Sometimes the words won out over clarity though – the head trauma/hospital scene hardly makes any sense at all. There’s an out of place prologue from our nameless protagonist, where he tells us his current situation: living rent free under the radar in New York City, stealing electricity with a basement apartment covered in lightbulbs – his own personal form of sticking it to the man after years of being taken advantage of.
You’d think that foreshadowing this heavy would ruin the suspense of the entire book, but there’s no way anyone could guess the all the terrible things that happen to this poor boy trying to figure things out for himself – in the south society won’t let him and in the north there’s not a soul who cares.
Finally though he is stabbed in the back too many times to try anymore, going through an aimless wandering phase until he witnesses the eviction of an elderly couple in Brooklyn. The community gathers to watch the police move everything the couple has out onto the street and the scene nearly escalates to a riot when our protagonist feels compelled to speak, and his talent for moving people with words becomes a local news story. The Brotherhood recruited him that night, and even though he just felt lucky to have a job, joining the Brotherhood would be the last self-sacrifice he’d make before realizing how important the self actually is.
His first speech as a Brother (and yes, they all call each other Brother so-and-so) was regarded as a failure by the elder brothers because it relied too much on emotion and too little on the literature detailing the Brotherhood principles that he’d only had a few days to study. The speech was the book’s major highlight, although the story does get a lot more interesting once our protagonist becomes the star of a racial equality , almost cult-like protest movement.
After an anticlimactic beginning interrupted by some mouthy audience members, this “emotional speech” continued,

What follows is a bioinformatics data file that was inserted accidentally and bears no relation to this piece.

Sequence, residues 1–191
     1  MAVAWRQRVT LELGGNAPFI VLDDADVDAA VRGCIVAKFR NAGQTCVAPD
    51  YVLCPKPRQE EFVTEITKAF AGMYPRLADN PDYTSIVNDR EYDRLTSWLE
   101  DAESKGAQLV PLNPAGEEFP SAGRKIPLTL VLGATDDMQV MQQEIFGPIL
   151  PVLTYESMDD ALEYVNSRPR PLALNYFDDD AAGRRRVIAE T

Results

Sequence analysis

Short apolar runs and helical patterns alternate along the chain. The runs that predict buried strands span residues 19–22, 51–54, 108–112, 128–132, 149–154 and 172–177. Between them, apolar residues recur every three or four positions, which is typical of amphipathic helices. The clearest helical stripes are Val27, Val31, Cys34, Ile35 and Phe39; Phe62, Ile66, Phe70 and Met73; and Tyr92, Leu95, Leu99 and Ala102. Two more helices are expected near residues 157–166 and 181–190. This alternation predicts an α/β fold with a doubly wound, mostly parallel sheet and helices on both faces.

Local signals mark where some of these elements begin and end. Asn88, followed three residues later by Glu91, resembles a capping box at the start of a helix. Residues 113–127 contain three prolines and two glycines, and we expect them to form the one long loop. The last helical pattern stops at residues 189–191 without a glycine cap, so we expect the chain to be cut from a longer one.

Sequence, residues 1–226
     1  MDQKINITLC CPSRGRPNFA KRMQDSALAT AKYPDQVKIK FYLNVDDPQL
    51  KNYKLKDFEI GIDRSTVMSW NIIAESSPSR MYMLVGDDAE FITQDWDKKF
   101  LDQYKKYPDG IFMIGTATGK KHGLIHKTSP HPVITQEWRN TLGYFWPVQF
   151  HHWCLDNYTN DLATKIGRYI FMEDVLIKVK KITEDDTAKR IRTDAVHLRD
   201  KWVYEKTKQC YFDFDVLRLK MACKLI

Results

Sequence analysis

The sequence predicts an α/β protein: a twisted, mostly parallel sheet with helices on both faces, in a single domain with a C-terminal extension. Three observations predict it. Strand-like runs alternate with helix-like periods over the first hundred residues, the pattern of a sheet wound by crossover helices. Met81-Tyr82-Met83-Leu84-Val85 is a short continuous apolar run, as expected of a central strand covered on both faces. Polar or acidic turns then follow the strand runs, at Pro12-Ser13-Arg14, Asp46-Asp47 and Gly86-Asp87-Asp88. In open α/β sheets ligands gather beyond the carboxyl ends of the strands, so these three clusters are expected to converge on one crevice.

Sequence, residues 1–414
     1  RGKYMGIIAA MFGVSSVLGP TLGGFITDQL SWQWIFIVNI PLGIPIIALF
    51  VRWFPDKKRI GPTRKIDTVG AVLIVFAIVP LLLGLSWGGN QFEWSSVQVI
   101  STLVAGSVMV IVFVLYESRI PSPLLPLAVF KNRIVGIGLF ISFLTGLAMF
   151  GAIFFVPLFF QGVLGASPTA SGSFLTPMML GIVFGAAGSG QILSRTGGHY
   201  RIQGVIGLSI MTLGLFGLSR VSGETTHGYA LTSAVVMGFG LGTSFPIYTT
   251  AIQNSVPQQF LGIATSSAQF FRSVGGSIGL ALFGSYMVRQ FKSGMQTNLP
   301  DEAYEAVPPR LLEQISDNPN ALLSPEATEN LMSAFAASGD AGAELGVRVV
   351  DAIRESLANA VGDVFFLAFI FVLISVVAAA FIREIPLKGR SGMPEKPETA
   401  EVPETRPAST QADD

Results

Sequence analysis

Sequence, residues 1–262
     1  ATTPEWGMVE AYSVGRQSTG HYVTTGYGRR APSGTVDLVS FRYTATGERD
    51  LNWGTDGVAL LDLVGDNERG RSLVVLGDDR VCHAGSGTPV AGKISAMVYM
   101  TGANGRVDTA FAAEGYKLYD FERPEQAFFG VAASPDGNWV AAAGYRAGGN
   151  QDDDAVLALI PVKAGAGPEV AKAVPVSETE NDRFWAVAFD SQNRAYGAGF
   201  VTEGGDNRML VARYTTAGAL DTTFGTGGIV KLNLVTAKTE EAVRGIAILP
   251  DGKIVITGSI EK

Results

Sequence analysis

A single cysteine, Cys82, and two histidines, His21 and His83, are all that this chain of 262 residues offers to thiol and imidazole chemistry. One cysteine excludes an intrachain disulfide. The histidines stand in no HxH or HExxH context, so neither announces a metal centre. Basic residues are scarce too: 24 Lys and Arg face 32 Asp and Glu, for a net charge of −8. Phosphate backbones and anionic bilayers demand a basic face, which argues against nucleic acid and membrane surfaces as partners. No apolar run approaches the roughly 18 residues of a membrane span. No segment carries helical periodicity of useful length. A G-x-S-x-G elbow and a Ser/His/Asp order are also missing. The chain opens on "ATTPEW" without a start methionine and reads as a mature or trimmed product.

“There was a stir behind me. I waited until it was quiet and hurried on.
‘Silence is consent,’ I said, ‘so I’ll have it out, I’ll confess it!’ My shoulders were squared, my chin thrust forward and my eyes focused straight into the light. ‘Something strange and miraculous and transforming is taking place in me right now… as I stand here before you!’
I could feel the words forming themselves, slowly falling into place. The light seemed to boil opalescently, like liquid soap shaken gently in a bottle.
‘Let me describe it. It is something odd. It’s something that I’m sure I’d never experience anywhere else in the world. I feel your eyes upon me. I hear the pulse of your breathing. And now, at this moment, with your black and white eyes upon me, I feel… I feel…”
I stumbled in a stillness so complete that I could hear the gears of the huge clock mounted somewhere on the balcony gnawing upon time.
‘What is it, son, what do you feel?’ a shrill voice cried.
My voice fell to a husky whisper, ‘I feel, I feel suddenly that I have become more human. Do you understand? More human. Not that I have become a man, for I was born a man. But that I am more human. I feel strong, I feel able to get things done! I feel that I can see sharp and clear and far down the dim corridor of history and in it I can hear the footsteps of militant fraternity! No, wait, let me confess… I feel the urge to affirm my feelings… I feel that here, after a long and desperate and uncommonly blind journey, I have come home… Home! With your eyes upon me I feel that I’ve found my true family! My true people! My true country! I am a new citizen of the country of your vision, a native of your fraternal land. I feel that here tonight, in this old arena, the new is being born and the vital old revived. In each of you, in me, in us all.
WE ARE THE TRUE PATRIOTS! THE CITIZENS OF TOMORROW’S WORLD!
‘WE’LL BE DISPOSSESSED NO MORE!’
The applause struck like a clap of thunder.”
The story circles back to the beginning, but without the protagonist obviously ending in his hole in a basement filled with 1,369 lights. The prologue is actually the most interesting part, but only once you’ve read the book already – it references characters not introduced till the 300th page, although the general meaning can still be understood.
“I am an invisibile man. No, I am not a spook like those who haunted Edgar Allan Poe; nor am I one of your Hollywood-movie ectoplasms. I am a man of substance, of flesh and bone, fiber and liquids – and I might even be said to possess a mind. I am invisible, understand, simply because people refuse to see me. Like the bodiless heads you see sometimes in circus sideshows, it is as though I have been surrounded by mirrors of hard, distorting glass. When they approach me they see only my surroundings, themselves, or figments of their imagination – indeed, everything and anything except me.”
After a beginning like that, I was hooked, especially with the somber poetic link between race and invisibility. The rest of the book moves more slowly, carefully and eloquently telling the story of a black boy caught between his grandparent’s generation of slavery and his own time – one painfully pushing towards equality, attempting to undo centuries of hateful thinking and misconceptions, even within his own mind.